Recently, William Lane Craig debated atheist Michael Nugent in Ireland on the existence of God. One of the arguments that Dr. Craig employed was The Fine Tuning Argument for design. I’m going to assume that readers of this article already have some familiarity with the fine tuning, so in case you’re new to the God debate, or this website, or apologetics in general, I discuss The Fine Tuning Argument in this blog post here. In response to the Fine Tuning Argument, Nugent said the following:
“Theists believe that this God fine tuned the physical constants of the universe to allow life. But while these constants do allow life, they don’t seem to be related to that or indeed any purpose. And in any case, from a theist’s perspective, life doesn’t have anything to do with physical constants. It’s spiritual. It could exist alongside any sort of physical constants or even without any physical matter at all. The whole point of theism is that life is not bound to our physical bodies, or physical constants, but is spiritual in nature.”
This argument is one I’ve heard from atheists that I myself have encountered on the internet. In fact, it was even used by an atheist Hugh Ross debated on The Fine Tuning (though I forget the name of that atheist). What Nugent appears to be saying is that since, on Christian theism, man can exist as a mind without a body, as a spirit or ghost, then we need not have a finely tuned universe in order to exist. On the Christian worldview, life could have existed anyway no matter what kind of values the physical constants and quantities took. Everyone could have been created as just spirits. We all could run around as just bodyless ghosts. God didn’t need to finely tune the universe for us to exist.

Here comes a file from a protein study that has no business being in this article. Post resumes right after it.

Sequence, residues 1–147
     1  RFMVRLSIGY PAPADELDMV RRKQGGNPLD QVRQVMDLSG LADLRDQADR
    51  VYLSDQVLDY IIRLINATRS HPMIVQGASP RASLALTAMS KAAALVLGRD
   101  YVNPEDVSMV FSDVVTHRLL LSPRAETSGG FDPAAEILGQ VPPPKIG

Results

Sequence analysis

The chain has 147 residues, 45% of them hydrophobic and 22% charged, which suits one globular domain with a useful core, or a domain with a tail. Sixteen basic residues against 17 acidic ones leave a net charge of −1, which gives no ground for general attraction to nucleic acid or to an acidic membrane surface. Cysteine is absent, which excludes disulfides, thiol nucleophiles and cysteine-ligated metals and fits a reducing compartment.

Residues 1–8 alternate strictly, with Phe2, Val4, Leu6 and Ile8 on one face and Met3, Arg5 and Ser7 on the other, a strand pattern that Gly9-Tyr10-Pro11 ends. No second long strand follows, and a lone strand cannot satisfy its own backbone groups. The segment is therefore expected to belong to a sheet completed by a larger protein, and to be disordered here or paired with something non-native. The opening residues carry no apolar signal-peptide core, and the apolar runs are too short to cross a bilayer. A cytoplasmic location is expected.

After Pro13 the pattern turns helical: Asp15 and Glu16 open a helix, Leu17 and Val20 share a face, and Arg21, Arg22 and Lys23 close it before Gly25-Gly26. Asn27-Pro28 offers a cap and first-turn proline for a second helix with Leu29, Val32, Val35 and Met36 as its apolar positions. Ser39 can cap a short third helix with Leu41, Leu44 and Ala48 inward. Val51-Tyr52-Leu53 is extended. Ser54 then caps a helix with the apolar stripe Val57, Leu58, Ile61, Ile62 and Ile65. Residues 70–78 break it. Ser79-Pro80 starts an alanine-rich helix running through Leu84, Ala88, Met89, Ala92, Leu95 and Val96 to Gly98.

I have to say, this is quite a poor argument (much like all of Nugent’s other arguments). The problem with this argument is that it doesn’t refute either premise of the fine tuning argument. Both premises of the argument still stand.
1: The Fine Tuning Of The Universe is due to either physical necessity, chance, or design.
2: It is not due to physical necessity or chance.
3: Therefore, it is due to design.
This is a logically valid syllogism since it takes the logical form “Disjunctive Syllogism”. Therefore, if the two premises are true, the conclusion follows logically and necessarily by the rules of logic. The only way to escape this argument’s conclusion is to prove that one of the two premises is false. Michael Nugent’s argument does not do this. His argument does not undermine the inference to design because it does not disprove either of the argument’s premises.
I don’t disagree with Michael’s premise (i.e that human beings can exist as disembodied spirits, and that a spirit has no need for a universe that has perfectly tweaked constants and quantities). The problem is that this fact does not entail the conclusion that he seems to think it does (i.e that the universe isn’t finely tuned by an intelligent Creator).